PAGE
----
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Architecture

This category contains 117 posts

The smart of the deal

I’m interested in the technologies, claims and challenges of the smart city: its structures, platforms, processes, security and surveillance systems, involving big data flows and encryption, as well as the city’s opportunists, underworlds, hacks and how cities get interfered with. While futurists, urbanists, academics and cultural commentators probe the city’s covert and overt sign systems, … Continue reading

Nested parentheticals

Sometimes it’s hard to get back on track. People tell stories and construct arguments with subplots and digressions. It’s fine for stories to wander. But for coherence we expect the story-teller to return to the main point, to rewind the string they just unravelled back into a neat ball. One of Trump’s improvised speeches illustrates … Continue reading

The platformization of cultural labour

“Platform” is a handy architectural metaphor. In a seminal article from 2010, Tarleton Gillespie reveals the architectural origins of the term. “In this sense ‘platform’ has been broadly used to describe human-built or naturally formed physical structures, whether generic or dedicated to a specific use: subway and train platforms, Olympic diving platforms, deep-sea oil rig … Continue reading

Recursive cities

Recursion simply means return. So a recursive city could be a city that you return to, or that encourages or requires you to keep coming back — like your home town, or a site of pilgrimage. The metaphor of excursion and return applies in many city contexts. See blog post on that theme. Where there’s … Continue reading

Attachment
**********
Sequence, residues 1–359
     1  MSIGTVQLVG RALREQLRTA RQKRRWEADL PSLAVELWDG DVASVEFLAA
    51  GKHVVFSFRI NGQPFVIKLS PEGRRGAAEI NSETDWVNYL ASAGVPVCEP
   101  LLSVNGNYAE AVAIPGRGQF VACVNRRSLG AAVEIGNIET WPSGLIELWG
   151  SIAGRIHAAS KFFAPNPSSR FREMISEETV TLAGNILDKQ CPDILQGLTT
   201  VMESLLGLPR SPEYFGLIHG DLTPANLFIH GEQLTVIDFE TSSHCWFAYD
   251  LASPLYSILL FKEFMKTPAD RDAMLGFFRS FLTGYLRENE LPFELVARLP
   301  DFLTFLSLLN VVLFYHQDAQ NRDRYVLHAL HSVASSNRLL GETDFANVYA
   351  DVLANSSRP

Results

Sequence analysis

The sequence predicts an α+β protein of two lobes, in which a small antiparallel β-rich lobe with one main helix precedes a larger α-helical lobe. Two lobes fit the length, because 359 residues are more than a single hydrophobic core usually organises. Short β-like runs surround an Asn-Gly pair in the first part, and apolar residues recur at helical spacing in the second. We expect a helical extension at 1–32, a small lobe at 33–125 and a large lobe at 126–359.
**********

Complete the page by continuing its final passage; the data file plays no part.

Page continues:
I am not a statistic!

“Don’t become a statistic!” That was the warning teachers and parents would direct at young drivers some years ago, when news broadcasts used to feature weekly road casualty figures. The psychologist Carl Jung amplified the despair of associating the human with a number: “If, …, I despise myself as merely a statistical cipher, my life has … Continue reading

Too much information

Someone (perhaps Slavoj Žižek) said that Trump’s greatest offence is not that he breaks the law, but that he breaks unwritten norms and conventions. There’s no law that says you have to be polite to everyone, say kind things, always be truthful, apologise when you make a mistake, or give credit where it’s due. Stick … Continue reading

Obfuscate!

Why do zebras have stripes? The stripes aren’t very successful as camouflage. If anything, a stripy lone zebra stands out against the grassland. But any single zebra will blend in with the herd when they stand together. It’s harder to tell where one zebra ends and the next one starts. As they approach the herd, … Continue reading

A thousand insides

Most cities old and new have underground tunnels, passageways, services, and communication systems, many of these conduits are unused and obsolete. I live in a street with a 15 metre deep tunnel that for 21 years had a rail and cable system for hauling goods and passengers along its 1:27 gradient. The tunnel was since … Continue reading

Forked paths

The usual method for creating a puzzle maze is to start with a rectilinear, triangular or radial grid and mark it up with a convoluted route from start to end. Then draw in branches, loops and deviations that make the route less obvious. The challenge for a maze architect is to provide the appearance of … Continue reading

City on a hill

The maze serves as a metaphor for the city. People get lost in the streets, corridors and communication systems of the city. Cities give the appearance of regularity, symmetry, and order, at least on a map. In his description of cities and places, the writer Jorge Luis Borges (1899-1986) affirmed that a maze is a … Continue reading

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